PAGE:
Most photoreceptors have either a kind of tail called cilium or a tufted protrusion called microvilli. The photoreceptors that sport a cilium or cilia on their surface use an intracellular chemical called cyclic nucleotide to respond to light. Other photoreceptors that are speckled with microvilli use, instead, an enzyme called phospholipase C to respond to light. Until now, the two pathways had not been found to coexist in a single photoreceptor.

It turns out that ipRGCs have no cilia or microvilli, so scientists had no anatomical clue to which pathway they use to respond to light. But in research published in 2011 by Yau’s team, they found that the M1 subtype of ipRGCs uses the phospholipase C pathway.

For the current work, Yau and his team focused on subtypes M2 and M4 of ipRGCs to determine if they used the same biochemical pathway as M1 cells.

To do this, the Johns Hopkins scientists genetically engineered mice to remove molecular components in the phospholipase C pathway. If M2 and M4 cells also used the phospholipase C pathway, disrupting the pathway would hamper the cells’ ability to respond to light.

No matter how the scientists disrupted the phospholipase C pathway, however, M4 cells still responded to light without a reduction in the size of response, and M2 cells responded by about half as much as control mice. So, M2 cells seem to use, in part, the phospholipase C pathway, but M4 cells hardly use it.

“That prompted us to search for an alternative pathway the cells might be using,” says Zheng Jiang, Ph.D., a research associate who works in Yau’s laboratory.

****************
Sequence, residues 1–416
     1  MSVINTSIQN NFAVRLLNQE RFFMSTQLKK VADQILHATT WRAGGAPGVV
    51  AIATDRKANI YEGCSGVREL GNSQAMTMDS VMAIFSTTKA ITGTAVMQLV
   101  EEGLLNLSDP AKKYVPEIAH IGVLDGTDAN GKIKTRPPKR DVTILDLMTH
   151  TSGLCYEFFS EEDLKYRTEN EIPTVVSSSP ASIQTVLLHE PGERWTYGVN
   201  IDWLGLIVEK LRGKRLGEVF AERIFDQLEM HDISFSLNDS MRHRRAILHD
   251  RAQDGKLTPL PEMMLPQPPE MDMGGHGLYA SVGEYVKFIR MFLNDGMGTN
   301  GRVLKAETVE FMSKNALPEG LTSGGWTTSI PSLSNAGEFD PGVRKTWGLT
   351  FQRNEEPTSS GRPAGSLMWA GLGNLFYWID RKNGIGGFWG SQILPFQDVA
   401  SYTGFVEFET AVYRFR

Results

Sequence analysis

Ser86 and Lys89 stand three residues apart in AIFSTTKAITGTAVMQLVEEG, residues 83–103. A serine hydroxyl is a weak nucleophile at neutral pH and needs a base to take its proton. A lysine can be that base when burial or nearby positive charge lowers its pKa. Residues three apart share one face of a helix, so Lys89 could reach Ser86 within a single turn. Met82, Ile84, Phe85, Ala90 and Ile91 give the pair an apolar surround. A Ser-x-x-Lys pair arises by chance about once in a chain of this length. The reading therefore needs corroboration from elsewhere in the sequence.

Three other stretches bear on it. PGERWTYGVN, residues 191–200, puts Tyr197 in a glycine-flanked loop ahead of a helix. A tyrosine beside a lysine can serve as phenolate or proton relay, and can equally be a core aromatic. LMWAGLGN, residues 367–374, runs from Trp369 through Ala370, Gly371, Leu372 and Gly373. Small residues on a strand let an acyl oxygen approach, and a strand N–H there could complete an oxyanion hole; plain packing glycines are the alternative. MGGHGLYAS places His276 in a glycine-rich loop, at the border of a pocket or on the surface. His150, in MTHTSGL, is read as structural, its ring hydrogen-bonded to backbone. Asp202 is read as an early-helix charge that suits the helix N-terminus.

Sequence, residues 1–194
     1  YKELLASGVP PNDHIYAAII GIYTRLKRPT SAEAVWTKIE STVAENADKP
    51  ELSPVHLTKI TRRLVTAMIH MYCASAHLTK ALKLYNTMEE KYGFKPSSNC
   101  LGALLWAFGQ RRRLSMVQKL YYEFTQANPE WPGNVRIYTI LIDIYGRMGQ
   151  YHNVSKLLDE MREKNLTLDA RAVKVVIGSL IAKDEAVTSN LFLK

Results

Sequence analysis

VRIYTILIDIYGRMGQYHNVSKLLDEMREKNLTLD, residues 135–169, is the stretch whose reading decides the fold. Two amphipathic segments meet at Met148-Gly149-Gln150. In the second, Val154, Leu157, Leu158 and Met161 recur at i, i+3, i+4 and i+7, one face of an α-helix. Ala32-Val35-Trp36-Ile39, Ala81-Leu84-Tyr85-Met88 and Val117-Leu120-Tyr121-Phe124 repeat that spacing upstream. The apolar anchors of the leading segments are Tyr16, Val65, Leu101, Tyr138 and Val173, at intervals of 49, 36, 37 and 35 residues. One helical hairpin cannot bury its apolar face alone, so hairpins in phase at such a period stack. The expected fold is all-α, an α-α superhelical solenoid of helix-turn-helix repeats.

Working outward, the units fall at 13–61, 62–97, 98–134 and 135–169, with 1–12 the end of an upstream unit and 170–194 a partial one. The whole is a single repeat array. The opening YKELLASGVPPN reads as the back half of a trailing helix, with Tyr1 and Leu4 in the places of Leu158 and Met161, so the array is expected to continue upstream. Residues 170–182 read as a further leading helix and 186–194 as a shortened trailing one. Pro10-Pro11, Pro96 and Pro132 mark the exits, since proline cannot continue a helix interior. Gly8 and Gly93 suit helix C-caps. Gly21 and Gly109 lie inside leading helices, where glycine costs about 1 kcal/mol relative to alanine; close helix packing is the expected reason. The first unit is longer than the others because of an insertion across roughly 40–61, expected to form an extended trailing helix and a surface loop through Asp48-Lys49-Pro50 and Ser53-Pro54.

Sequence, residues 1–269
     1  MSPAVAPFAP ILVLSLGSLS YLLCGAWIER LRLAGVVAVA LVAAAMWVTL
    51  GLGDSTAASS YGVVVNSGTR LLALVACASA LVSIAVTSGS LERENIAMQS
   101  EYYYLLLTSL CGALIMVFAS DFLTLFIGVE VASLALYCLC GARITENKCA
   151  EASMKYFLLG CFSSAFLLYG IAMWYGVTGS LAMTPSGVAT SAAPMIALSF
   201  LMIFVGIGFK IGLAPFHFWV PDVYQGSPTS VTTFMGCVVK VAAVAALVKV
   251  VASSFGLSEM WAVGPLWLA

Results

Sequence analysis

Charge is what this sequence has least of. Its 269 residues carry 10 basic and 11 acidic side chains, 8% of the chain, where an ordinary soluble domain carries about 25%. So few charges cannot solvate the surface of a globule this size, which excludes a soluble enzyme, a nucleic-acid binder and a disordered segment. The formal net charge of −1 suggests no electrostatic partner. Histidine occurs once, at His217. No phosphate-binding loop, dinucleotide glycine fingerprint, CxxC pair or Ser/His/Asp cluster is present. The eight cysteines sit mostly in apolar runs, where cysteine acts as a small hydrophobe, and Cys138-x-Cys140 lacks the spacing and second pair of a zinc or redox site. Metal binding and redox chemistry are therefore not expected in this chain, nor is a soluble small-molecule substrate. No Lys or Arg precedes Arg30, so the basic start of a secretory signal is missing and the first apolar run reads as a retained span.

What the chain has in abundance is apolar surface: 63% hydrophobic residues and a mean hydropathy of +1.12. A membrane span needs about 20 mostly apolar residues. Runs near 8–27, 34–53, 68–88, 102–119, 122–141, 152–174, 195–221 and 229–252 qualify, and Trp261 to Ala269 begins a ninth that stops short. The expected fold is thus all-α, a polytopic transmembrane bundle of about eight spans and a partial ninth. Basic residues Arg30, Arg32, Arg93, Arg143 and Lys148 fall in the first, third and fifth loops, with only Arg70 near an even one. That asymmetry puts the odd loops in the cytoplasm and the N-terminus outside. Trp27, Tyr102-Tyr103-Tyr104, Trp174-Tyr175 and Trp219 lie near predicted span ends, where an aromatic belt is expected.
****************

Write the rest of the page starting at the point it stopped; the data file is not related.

In their search, according to Jiang, they found one biochemical pathway involving HCN channels, that, when disrupted, almost completely blocked the intrinsic light response in M4 cells and partly blocked it in M2 cells. Thus, M2 cells were using both the phospholipase C and the newly found HCN-channel pathway, and M4 cells seemed to mostly use the HCN pathway.

HCN channels, which stands for hyperpolarization-activated and cyclic nucleotide-gated channel, are found also in mammalian heart cells, acting as a pacemaker to set heart rate.

The observation that M2 cells use two biochemical pathways for light response suggests a primordial link, say the researchers, harkening back to the proposal by evolutionary biologists that the earliest photoreceptor may contain both mechanisms in the same cell.

Yau says this phenomenon likely exists in the retinas of humans, as well.

Source:

https://www.hopkinsmedicine.org/news/newsroom/news-releases/some-of-retinas-light-sensing-cells-may-have-ancient-roots

Tagged with:

About author

Related Articles